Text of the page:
In case you’re not familiar with Monsanto, I’ll try to sum up their long line of crimes against humanity in a couple of paragraphs. Founded by John Francis Queeny as a chemical company in 1901, Monsanto has been considered “the most evil corporation on Earth”– and with good reason. The first product Monsanto marketed was saccharin, a chemical sold to Coca-Cola as an artificial sweetener, which was later banned in the ’70s after being thought to have a connection to instances of bladder cancer. It was reinstated as a food additive in 2001, although studies on its exact relation with disease in humans are still a bit shaky. Nonetheless, saccharin is still found in many sugar-free products.
Throughout its shady history, Monsanto has managed to sell PCBs (devastatingly toxic chemicals, which were banned 50 years after their introduction for their destructive effects on humans and the environment), and also produced Agent Orange (the deadly and birth-defect-inducing chemical used during the US’ Vietnam invasion in the ’60s). Monsanto is responsible for conducting various “internal studies” that claimed aspartame was completely safe for consumption (even though its connection with cancer is now common knowledge), and produced and implemented the Synthetic Bovine Growth Hormone, which became administered to cows in order to make them produce obscene amounts of milk. This only led to bovine deformities and infection, resulting in pus-contaminated milk and dangerously unhealthy cows.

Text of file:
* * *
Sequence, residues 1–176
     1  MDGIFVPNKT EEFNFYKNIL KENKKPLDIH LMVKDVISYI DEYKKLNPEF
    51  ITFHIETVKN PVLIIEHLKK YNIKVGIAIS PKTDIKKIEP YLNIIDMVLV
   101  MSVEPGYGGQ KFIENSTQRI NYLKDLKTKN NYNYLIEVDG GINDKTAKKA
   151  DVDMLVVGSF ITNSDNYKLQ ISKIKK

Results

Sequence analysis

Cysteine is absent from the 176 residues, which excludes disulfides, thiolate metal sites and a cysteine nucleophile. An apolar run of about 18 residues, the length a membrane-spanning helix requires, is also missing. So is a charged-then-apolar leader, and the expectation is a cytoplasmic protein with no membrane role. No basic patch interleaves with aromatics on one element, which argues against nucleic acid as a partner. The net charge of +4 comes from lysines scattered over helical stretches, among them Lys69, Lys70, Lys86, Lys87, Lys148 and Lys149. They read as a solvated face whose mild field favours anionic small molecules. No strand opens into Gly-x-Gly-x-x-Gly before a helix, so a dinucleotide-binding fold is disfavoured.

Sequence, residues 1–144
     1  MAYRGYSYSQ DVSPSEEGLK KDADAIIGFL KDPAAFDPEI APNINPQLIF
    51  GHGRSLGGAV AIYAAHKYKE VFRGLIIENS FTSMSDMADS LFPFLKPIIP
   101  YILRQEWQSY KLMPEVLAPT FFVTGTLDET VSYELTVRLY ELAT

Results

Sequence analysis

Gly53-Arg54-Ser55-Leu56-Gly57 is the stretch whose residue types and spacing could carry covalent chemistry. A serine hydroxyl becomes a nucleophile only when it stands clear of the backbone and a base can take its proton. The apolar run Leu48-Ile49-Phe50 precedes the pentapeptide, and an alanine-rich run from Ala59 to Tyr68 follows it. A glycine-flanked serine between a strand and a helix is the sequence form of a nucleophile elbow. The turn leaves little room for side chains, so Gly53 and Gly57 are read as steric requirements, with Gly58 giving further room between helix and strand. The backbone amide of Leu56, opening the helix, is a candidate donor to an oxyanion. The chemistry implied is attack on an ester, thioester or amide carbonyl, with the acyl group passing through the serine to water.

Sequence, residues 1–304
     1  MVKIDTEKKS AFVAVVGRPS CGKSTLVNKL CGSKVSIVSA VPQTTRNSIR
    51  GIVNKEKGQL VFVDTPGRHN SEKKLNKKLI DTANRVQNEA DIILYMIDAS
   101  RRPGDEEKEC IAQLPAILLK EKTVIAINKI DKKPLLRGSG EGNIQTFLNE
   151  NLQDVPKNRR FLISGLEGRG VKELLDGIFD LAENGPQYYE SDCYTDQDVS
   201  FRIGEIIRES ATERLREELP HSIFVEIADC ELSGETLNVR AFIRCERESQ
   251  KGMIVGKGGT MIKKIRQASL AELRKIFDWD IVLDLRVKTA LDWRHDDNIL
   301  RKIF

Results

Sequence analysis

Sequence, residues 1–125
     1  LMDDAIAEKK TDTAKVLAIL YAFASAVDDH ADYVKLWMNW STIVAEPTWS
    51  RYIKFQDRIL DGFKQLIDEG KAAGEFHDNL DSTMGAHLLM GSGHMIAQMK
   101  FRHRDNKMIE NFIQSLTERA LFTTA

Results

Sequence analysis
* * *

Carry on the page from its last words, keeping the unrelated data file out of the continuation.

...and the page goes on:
Monsanto has a long-running history of putting profit-over-people. I honestly didn’t even cover half of it.
They’re also the head corporation in charge of most of the world’s seed supply, and the masterminds behind the implementation of GM crops. Monsanto currently owns about 90% of the GMO seeds sown globally and have them patented, meaning farmers are forced to pay a fee in order to grow any sort of Monsanto product and are often sued if pollen from a GMO plant innocently blows off their property, as pollen from plants tend to do.
But what exactly is the major concern behind GMOs apart from not wanting to support life-sucking practices of Monsanto? Many argue that there isn’t enough background research on the effects of GMOs on human health. After all, these genetically modified concoctions are things that have never before been found in nature, meaning both our bodies and the surrounding environment are going to react differently to them.